There are some challenges in rural areas when you think of broadband. Now I think we've come a long way over the last 10 years of getting broadband in our rural areas, but we still have areas where it's very poor broadband and maybe they might have some coverage. It may be some bar, one bar. But often you need three or four bars for telehealth and more ongoing use of telemedicine. So we have to look at, if you're going to look at setting up a program in a rural area, how can that broadband coverage be enough to include telemedicine? And then of course, provide flexibility for the use of telehealth with their providers.

Looking at number three, the recommendation on limited awareness came up as a real concern is that many of us really had limited knowledge. I said I remembered, like I said in my early nursing career, that was a new program starting up and people were watching it, but it does have a long history and it's done well. So obviously there are values to that program, and how do we match the value with the opportunity and the cost and really look at what we can do to improve? They're really primarily in our urban areas. And we were in Kansas and the two sites that the governor talked about, they did cover rural, but they were still inside the city. So how do we take a smaller rural urban kind of community and really build on that?

So we really need some type of a kit and a promotion and really increase the awareness of how you build a program that's all-inclusive. As we learned it, and the governor talked about how these patients, or I should say beneficiaries, in the PACE program, they just thought it was wonderful. Ordinarily they would've had to go to a nursing home, and here they can live in their own home, their own home, and they can go and transportation brings them into the center. They can have primary care that day. They can have activities, somebody can deal with them on their emotional issues. They have companionship and it's really a way of doing.

Otherwise, they're in a nursing home and may not have that quality of life that they need. They're mentally alert, but they just don't have the resources to support them in their own home. And something like this becomes an option. If you look at the high cost, now PACE programs, they're given a capped payment for each beneficiary and they have to be able to provide the care for all of them. And that's why sometimes the challenge of the prescription. But the make a long story short though, if they can find a way of bringing them into the program and taking care of some of those costs, then it might makes it more feasible for them to do that.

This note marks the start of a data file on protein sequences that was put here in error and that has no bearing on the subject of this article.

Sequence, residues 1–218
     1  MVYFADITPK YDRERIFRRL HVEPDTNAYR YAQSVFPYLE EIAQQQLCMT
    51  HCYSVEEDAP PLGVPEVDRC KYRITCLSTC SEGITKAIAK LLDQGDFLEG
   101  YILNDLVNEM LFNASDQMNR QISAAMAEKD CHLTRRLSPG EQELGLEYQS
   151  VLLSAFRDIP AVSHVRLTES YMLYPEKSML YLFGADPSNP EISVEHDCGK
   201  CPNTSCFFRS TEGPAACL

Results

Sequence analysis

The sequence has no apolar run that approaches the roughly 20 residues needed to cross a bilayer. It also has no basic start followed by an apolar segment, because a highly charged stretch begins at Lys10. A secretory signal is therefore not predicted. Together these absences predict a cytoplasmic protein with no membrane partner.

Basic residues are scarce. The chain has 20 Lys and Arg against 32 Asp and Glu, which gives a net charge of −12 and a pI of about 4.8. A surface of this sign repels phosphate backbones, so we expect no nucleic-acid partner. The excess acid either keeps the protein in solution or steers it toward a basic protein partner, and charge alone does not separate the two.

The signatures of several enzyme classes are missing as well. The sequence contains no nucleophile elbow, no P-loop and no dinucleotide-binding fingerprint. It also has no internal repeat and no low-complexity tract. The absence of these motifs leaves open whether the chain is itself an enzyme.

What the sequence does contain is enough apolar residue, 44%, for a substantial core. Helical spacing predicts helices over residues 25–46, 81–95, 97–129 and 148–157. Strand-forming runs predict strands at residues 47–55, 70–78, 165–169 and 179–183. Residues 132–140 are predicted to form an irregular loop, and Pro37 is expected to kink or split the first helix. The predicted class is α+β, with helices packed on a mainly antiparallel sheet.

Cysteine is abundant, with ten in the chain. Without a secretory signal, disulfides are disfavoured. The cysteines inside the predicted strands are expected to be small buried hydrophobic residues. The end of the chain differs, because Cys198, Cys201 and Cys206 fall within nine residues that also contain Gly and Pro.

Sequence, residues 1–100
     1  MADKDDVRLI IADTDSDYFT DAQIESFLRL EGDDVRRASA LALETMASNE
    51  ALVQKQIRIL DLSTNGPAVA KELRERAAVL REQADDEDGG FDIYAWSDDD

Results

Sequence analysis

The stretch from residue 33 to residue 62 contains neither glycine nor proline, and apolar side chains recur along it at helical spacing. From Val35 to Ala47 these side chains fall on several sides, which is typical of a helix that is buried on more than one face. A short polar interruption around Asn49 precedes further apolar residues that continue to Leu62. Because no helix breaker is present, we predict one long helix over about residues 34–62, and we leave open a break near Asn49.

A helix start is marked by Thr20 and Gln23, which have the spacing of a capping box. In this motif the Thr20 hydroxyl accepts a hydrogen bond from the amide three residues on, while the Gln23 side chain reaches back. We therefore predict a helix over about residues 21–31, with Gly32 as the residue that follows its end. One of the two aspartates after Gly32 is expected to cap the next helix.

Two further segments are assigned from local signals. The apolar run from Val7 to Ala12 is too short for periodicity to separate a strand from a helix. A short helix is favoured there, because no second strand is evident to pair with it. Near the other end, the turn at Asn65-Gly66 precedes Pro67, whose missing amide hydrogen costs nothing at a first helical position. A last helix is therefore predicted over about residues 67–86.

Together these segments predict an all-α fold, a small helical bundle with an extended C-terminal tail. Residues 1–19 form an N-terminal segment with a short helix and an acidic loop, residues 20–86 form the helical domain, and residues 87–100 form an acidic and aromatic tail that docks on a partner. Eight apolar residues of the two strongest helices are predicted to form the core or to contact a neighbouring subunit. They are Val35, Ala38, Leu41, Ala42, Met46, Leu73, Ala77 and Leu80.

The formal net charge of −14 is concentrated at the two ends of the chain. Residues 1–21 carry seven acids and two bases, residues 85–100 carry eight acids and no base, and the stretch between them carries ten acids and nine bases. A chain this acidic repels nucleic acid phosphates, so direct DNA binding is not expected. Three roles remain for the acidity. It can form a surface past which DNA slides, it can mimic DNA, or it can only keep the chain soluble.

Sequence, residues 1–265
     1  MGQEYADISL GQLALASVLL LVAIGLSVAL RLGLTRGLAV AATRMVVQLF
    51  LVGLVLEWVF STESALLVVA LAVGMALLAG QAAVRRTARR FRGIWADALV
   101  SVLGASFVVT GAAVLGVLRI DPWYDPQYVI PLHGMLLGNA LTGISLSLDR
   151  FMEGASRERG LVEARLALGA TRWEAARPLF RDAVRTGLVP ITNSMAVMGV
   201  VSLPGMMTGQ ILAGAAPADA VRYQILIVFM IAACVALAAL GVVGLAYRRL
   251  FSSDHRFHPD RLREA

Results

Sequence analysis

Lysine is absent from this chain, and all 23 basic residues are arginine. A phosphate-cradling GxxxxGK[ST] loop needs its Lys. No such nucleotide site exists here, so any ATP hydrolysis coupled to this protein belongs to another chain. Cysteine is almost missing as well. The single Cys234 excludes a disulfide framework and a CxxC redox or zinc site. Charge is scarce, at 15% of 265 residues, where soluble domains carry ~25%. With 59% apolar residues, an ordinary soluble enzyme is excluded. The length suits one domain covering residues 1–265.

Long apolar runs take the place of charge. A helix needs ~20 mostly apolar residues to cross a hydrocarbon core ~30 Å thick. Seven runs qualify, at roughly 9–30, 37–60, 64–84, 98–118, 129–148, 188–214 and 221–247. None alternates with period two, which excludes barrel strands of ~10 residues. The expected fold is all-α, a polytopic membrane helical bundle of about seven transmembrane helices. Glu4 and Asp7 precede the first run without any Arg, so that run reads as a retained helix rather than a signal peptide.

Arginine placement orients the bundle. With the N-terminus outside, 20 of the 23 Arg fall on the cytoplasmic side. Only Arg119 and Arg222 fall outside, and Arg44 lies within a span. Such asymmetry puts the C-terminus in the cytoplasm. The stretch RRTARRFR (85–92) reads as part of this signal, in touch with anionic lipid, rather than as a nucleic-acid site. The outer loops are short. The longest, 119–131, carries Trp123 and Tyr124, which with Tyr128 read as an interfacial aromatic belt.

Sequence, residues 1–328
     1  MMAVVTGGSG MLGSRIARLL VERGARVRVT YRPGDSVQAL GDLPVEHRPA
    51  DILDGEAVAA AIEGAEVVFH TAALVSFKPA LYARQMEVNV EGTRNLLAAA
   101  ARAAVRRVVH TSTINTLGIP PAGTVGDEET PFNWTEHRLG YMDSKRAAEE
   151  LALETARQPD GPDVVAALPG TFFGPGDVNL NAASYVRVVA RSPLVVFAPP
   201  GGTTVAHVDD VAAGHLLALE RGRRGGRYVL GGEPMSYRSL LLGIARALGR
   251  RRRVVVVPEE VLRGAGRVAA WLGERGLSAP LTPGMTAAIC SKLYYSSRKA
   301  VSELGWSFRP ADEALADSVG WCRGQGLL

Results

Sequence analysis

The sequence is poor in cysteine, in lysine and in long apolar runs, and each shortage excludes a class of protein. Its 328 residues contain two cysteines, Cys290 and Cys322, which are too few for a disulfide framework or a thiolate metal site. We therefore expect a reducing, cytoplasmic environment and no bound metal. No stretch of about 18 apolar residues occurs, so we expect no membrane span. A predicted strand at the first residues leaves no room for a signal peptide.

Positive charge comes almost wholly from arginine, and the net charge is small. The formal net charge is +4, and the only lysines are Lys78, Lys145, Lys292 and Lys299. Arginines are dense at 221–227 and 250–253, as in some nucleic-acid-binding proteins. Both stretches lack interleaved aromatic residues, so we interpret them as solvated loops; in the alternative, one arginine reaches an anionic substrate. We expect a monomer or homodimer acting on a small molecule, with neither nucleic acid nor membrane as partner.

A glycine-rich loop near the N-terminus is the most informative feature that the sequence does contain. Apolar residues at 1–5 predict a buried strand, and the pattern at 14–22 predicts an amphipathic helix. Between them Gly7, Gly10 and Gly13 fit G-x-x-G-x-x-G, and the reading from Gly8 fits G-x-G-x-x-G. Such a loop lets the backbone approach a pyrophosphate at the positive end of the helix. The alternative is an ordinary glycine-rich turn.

So we're looking at ways of being creative and moving into our rural areas. But having a guide to cut through the bureaucracy and somehow being able to do it is really wonderful. So let's talk a little bit about the rural health landscape. And of course, that's where I come from, the rural hospital landscape. I live in Princeton, Illinois, which is a town of about 8,000 and it's a very rural area. Grew up on a farm. But I work with critical access in small rural hospitals. Maybe there's a way that we can build on our critical access because that program is designed for Medicare patients in that capacity, even though it covers the full spectrum, it still deals with Medicare patients. And could we work it some way that we can build on the synergy between a community-based program such as PACE and a critical access hospital, keep people in their homes?

And because we know the high cost of being in a nursing home compared to somebody living in their home and having those resources, which I was alluding to in the last comments, but sharing those efficiencies could be some advantages for critical access hospitals. They could build on some... Keep more patients locally for them. So it's a win-win if we start looking at the landscape. And we know over the last, what is it, almost 13 years, we've had close to 150 rural hospitals close, 147 exactly. And we know this is going to be a tough year moving forward as we look at coming out of the pandemic, some of the recession topics we hear about and we know the challenge of the high cost of healthcare. But here's a way that we can help providers keep patients locally and really reduce the overall cost to the taxpayers.

In your packet of slides, there's resources that you can connect and read more about it. Let's talk about workforce shortages. And I know that this is really close and dear to everybody's heart, the challenges that we're experiencing not only in rural areas but urban areas, but if you're trying to set up a new program that presents even more of a challenge. And we know that as far as physician per capital, you have 10.8% per 10,000 people versus 30.8% in urban areas. So we really are behind the eight-ball so to speak in our rural areas. We don't have enough providers.

The advanced practice nurses and physician assistants have done a great job of filling those gaps. However, it's still not enough to coverage, and setting up a new program we have to think about can we look at community health workers? Are there other ways that we can build from our National Health Service Corp and nurse programs and getting them into the program. And are really important that if we move forward and expand this to our rural areas through our encouragement, can the door be open that some of those recipients of the National Health Service Corps, can they come to our communities that have PACE programs?